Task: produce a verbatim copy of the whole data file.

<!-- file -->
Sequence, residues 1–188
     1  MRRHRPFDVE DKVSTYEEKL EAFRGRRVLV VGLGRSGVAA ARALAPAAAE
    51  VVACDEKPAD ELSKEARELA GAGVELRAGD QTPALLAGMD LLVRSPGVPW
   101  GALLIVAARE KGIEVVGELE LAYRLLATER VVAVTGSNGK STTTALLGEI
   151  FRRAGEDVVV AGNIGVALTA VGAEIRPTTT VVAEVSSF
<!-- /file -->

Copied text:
Sequence, residues 1–188
     1  MRRHRPFDVE DKVSTYEEKL EAFRGRRVLV VGLGRSGVAA ARALAPAAAE
    51  VVACDEKPAD ELSKEARELA GAGVELRAGD QTPALLAGMD LLVRSPGVPW
   101  GALLIVAARE KGIEVVGELE LAYRLLATER VVAVTGSNGK STTTALLGEI
   151  FRRAGEDVVV AGNIGVALTA VGAEIRPTTT VVAEVSSF